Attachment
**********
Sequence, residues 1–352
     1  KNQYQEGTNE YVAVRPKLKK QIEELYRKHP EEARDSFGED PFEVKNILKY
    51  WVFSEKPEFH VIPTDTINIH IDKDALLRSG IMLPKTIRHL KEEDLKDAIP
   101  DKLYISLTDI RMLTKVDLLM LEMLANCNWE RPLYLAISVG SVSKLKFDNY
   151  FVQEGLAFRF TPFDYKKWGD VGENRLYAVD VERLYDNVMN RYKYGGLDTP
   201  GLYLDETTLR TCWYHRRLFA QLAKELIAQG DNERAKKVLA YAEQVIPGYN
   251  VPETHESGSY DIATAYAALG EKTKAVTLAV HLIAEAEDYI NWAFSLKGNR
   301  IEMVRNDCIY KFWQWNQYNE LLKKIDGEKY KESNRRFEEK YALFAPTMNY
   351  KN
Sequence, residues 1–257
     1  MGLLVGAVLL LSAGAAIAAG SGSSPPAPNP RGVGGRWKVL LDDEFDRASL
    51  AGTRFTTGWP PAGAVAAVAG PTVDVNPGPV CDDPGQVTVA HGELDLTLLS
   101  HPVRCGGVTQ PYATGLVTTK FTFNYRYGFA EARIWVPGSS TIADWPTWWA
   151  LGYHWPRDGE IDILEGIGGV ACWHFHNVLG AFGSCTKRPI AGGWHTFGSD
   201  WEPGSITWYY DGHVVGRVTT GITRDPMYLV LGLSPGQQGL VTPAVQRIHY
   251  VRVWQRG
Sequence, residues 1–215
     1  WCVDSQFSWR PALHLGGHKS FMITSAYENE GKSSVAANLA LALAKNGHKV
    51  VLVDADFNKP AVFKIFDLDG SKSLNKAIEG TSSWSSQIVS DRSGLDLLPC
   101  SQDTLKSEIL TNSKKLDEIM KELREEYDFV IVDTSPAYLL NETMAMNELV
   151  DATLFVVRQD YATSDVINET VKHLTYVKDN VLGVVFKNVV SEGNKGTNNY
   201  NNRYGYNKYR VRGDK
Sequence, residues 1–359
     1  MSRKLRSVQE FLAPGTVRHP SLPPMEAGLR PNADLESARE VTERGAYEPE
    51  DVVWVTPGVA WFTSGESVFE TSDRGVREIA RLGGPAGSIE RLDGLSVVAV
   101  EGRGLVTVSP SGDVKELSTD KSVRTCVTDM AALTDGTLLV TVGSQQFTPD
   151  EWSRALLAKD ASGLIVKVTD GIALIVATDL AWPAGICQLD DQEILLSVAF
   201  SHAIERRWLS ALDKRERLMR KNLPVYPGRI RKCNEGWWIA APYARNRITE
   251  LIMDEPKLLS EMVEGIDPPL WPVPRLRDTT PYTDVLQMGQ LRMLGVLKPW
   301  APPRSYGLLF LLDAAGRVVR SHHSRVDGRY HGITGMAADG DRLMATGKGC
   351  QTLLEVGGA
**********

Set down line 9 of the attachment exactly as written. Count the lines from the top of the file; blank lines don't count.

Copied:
   351  KN